I saw Daredevil over the week-end and really enjoyed it. I'm been a
DD fan for a while and have read most of the major story arcs,
including the DD/Elektra saga which was presented in the movie.
I've read some of the criticisms of the film, and I agree with a
few. However, I think that some of them are off base and are coming
from viewers that must not be very familiar with the character and
the comic book.
I was skeptical about Ben Affleck as Matt Murdock/DD before I saw the
film. After seeing it, I feel that Affleck became the character.
IMHO, he nailed it. The other main characters were also portrayed
very well. Kingpin, Bullseye, Elektra, Ben Urick, Foggy Nelson -
none of them rubbed me the wrong way.
As for some of the criticisms of the film - I agree with two and a
half of them. First, DD doesn't kill. The scene in the subway just
didn't sit well with me. I don't know why the filmakers did it that
The playground fight was a little ridiculous. However, (and here's
where the half comes from), this scene was a variation on a scene
from a DD comic featuring DD and a female character called Echo
(Elektra as a Native American/Hispanic). They fought in a playground
at night with an audience of 3 kids. So I can see where the
filmakers got the idea from.
Elektra was necessary in the film. The DD/Elektra/Kingpin/Bullseye
story is classic Frank Miller DD. The problem was trying to condense
that into a 2 hour movie.
Matt - I too did not like the way that that the Kingpin found out who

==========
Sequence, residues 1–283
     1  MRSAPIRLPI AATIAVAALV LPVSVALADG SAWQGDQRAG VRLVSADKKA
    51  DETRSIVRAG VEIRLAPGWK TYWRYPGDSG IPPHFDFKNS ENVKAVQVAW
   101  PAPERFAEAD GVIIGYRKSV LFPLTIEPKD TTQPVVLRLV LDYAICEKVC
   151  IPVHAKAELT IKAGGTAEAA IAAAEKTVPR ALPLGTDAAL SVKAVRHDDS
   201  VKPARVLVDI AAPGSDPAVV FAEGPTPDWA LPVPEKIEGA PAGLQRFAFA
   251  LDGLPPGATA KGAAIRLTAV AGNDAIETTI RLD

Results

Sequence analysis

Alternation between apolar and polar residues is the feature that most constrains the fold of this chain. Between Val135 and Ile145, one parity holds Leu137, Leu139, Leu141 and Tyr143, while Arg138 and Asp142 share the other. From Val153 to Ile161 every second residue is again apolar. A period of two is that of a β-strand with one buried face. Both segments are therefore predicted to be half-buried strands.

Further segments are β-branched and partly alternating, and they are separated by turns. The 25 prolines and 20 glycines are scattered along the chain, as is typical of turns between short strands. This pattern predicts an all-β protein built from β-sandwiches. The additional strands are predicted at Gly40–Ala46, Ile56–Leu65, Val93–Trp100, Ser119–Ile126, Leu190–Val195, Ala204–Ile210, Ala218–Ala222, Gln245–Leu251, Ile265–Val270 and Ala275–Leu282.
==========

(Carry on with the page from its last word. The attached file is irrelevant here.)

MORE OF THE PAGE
DD was (this is item #2 on the dislike list). I'm guessing that
the "Born Again" storyline will be the basis for DD 2 since the
Kingpin was laughing and saying "This isn't over" or something like
that near the end.
DD was also ultra sensitive to sound in the comics. He just learned
to tune things out. I think that the use of sound to disorient DD in
the film was a way for the audience to see that he wasn't too
Another reviewer mentioned the line - "A man without fear is a man
without hope," and how dumb it was. It actually came directly from
the comics. However, the order was reversed in the film. It should
have been "A man without hope is a man without fear." Why they
reversed it, I don't know. Incidentally, the answering machine
message from "Heather" was also straight out of the comics, but it
was a different woman leaving the message.
Last but not least, two other DD writers are mentioned in the film -
Falcone tells Jack Murdock that three fighters that he has beaten -
Miller, Bendis and Mack - were all working for him. Brian Michael
Bendis is the current writer of Daredevil and David Mack has also
written and drawn the comic recently.
As a comic book fan, and fan of Daredevil, I was very pleased with
the movie. I thought that it was a very faithful adaptation of the
source material and that the performances were all solid. I'm glad
that it was darker in tone that Spider-Man, because that's the way
the comic is. And if they do make sequels, (which I'm sure they
will), two other storylines that they could use are even darker -
Frank Miller's "Born Again" and Kevin Smith's "Guardian Devil."
I, for one, am looking forward to seeing DD again on DVD.
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